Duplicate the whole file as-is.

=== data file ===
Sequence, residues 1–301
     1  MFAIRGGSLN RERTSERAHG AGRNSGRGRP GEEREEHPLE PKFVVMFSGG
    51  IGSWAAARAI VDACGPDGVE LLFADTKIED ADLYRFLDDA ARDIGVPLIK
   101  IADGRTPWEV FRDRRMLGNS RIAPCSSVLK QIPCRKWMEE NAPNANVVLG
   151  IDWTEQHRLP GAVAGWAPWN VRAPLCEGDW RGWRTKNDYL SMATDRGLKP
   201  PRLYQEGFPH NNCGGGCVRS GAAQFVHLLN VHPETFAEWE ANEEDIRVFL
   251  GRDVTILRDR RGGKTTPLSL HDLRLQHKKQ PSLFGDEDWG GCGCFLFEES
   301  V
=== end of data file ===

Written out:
Sequence, residues 1–301
     1  MFAIRGGSLN RERTSERAHG AGRNSGRGRP GEEREEHPLE PKFVVMFSGG
    51  IGSWAAARAI VDACGPDGVE LLFADTKIED ADLYRFLDDA ARDIGVPLIK
   101  IADGRTPWEV FRDRRMLGNS RIAPCSSVLK QIPCRKWMEE NAPNANVVLG
   151  IDWTEQHRLP GAVAGWAPWN VRAPLCEGDW RGWRTKNDYL SMATDRGLKP
   201  PRLYQEGFPH NNCGGGCVRS GAAQFVHLLN VHPETFAEWE ANEEDIRVFL
   251  GRDVTILRDR RGGKTTPLSL HDLRLQHKKQ PSLFGDEDWG GCGCFLFEES
   301  V